"Good Luck, Gamer Girl " bracelet
My inbox, it taunts me. I don't know if it is my recent time spent with people who are really into gaming, but I see my email situation as a bit of Battle of the Inbox. It's like a video game to me, a great deal like Tetris. The goal is to clear all the lines, so that more things can drop in to fill the space. This is how I see email. The goal is to get the inbox emptied as soon as possible, and it is sometimes a race to do that.
I have two major email clients that I use. I use Outlook for all my major website and business emails. Then for my more chatty friend mail and business mail that requires less immediate attention, I use Gmail. The Outlook mails get processed and filed as soon as possible. I like to be efficient with my business correspondence, answering questions and responding to ideas and thoughts in a prompt manner. They are the first things I check in the morning, and I play my best game there. The goal of clearing the emails is quick and efficient, and I am usually triumphant! Woot! a clear inbox, for the win! Today the list is a little long. A half hour in Quickbooks entering orders will clear many mails, and a few minutes of cut and paste should clear most of the rest pretty quickly. A few mails will linger, as they are important things that do need to be done but at a later time, with a future due date, so they can stay.
My gmail though, is currently at least 20 mails deep. And these mails are the type of correspondences that cannot be cleared easily, with a simple cut and paste, or an entering of data into another processing program. They are mails sent with love and thought, and must be answered with the same amount of emotion and care. Some are so full of emotion, and I am so touched by them, that it is hard to even open them and read them again, let alone respond. Some have been sitting in the box for several days, maybe a week. Many of them probably do not even need a response, as they were sent to me in a moment of giving by the sender, with no need for response. But each contains at least a kernel of something that has touched me, that I need to keep at hand for a while, before clicking the "reply" or "archive" button.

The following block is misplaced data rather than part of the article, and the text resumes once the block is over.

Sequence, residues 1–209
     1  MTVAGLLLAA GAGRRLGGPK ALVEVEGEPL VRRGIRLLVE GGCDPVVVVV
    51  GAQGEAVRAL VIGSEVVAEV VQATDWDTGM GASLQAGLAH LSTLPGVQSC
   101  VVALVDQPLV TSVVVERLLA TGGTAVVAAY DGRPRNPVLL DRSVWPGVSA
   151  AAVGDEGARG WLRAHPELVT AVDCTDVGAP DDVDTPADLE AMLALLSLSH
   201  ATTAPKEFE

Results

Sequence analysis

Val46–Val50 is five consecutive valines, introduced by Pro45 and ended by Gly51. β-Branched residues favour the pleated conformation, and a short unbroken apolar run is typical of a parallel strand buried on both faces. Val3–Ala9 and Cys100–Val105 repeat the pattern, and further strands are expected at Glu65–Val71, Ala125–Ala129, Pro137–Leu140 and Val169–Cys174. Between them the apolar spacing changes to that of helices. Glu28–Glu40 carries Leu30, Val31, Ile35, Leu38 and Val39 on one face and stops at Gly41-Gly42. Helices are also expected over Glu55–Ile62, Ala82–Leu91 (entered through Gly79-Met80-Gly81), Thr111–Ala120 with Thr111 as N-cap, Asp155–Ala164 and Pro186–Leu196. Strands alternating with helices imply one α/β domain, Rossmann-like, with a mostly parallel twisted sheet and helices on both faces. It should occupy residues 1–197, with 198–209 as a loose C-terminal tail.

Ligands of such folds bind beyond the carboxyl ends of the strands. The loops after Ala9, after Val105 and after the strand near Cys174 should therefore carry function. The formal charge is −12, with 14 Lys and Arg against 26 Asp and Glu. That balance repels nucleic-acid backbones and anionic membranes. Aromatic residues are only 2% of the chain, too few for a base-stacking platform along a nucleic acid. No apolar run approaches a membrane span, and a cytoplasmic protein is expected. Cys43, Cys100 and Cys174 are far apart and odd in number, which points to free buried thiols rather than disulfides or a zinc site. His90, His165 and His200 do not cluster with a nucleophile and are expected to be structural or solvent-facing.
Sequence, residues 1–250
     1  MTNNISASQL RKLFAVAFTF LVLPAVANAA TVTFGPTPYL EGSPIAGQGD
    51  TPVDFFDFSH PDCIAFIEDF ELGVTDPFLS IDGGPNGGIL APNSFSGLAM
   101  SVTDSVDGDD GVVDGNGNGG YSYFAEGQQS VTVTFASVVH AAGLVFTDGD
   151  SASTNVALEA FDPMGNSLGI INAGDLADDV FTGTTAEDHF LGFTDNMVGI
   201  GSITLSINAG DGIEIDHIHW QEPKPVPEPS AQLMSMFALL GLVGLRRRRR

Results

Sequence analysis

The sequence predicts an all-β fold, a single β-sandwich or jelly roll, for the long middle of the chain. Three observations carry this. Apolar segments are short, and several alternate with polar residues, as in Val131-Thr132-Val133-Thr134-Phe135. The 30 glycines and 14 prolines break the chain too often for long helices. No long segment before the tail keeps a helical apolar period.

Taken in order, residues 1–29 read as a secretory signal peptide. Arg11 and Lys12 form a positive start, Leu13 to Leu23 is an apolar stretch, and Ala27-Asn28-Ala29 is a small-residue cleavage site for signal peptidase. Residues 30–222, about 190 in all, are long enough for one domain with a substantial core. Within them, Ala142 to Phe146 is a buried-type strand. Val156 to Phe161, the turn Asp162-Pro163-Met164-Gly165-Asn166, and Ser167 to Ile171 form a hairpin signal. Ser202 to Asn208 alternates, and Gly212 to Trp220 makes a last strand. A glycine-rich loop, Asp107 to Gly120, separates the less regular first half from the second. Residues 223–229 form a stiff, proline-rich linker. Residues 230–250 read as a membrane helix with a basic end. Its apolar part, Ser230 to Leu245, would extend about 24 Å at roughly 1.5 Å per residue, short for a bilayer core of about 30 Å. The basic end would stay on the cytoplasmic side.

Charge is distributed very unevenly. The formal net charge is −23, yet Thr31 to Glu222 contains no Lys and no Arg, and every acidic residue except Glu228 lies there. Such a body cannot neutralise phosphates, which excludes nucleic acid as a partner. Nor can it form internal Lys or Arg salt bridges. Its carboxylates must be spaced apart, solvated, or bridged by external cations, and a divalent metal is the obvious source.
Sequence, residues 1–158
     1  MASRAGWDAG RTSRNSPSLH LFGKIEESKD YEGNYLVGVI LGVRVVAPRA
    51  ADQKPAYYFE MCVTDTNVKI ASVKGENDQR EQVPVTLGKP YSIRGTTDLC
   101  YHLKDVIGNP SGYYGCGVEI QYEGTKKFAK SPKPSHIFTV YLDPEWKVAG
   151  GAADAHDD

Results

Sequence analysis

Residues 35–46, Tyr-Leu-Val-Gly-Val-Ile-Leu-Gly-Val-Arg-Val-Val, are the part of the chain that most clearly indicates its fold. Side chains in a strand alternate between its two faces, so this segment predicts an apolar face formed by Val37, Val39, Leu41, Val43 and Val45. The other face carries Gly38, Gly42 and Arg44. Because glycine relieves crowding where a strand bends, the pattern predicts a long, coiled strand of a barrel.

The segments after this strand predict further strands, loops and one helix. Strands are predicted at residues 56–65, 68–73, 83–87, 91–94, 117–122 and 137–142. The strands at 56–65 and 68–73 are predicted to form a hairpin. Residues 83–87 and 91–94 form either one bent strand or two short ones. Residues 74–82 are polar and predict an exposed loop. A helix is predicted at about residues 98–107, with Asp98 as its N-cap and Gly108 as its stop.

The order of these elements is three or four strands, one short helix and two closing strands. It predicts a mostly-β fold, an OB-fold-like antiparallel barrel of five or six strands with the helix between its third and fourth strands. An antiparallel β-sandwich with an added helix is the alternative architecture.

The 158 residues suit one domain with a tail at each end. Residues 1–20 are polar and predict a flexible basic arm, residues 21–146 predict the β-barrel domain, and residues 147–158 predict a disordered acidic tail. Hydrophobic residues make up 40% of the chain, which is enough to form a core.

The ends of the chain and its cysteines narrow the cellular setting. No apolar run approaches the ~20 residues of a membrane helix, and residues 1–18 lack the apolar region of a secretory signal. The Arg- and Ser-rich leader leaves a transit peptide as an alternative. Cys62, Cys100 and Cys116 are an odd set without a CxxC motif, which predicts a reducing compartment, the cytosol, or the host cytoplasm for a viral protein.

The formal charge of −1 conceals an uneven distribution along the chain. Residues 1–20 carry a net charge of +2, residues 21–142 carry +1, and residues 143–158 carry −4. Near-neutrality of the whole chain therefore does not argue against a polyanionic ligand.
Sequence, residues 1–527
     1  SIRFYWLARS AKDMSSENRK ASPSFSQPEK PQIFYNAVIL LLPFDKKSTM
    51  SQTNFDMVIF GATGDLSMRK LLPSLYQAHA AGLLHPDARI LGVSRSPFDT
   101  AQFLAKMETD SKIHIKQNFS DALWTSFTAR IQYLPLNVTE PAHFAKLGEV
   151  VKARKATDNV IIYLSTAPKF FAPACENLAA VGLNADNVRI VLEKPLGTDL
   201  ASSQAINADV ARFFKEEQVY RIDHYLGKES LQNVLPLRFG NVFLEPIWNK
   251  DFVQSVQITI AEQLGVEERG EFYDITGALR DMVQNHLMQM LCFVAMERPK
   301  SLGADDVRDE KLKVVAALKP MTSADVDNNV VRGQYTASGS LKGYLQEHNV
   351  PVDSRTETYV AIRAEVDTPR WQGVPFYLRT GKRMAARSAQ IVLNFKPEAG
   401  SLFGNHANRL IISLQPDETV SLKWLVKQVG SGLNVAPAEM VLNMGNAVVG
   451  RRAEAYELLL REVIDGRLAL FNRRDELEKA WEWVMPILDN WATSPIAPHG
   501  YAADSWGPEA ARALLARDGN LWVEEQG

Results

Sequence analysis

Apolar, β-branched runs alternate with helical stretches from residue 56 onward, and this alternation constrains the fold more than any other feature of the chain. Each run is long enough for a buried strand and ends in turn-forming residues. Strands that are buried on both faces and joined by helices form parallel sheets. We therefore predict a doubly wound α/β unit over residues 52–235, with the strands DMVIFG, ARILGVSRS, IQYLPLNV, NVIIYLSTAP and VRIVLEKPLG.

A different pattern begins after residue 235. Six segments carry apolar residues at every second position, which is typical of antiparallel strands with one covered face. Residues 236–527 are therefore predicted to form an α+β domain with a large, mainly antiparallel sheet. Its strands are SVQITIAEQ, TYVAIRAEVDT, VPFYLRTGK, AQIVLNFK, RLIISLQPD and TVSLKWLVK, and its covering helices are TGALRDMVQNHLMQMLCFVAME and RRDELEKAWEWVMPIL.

I guess I have declared a Time Out for this game, and I am sure the other players will understand, as they are friends who are here for me. And today I wonder if actually, in this instance, the game has changed. Indeed, right now I think that the lack of the cleared inbox is not at all my Epic Fail. I think this screen full of tiles and patterns, emails and comments, stacked to the hilt, carefully teetering one upon another, the players filling the space in a most colorful and vibrant way... perhaps this is actually a new game. It is a game of friendship and I am indeed a winner. And you know what? I think that all the players are winners right along with me... it is not a game of competition or of personal achievement anymore, this Battle of the Inbox.
I suppose it is all in how you play the game.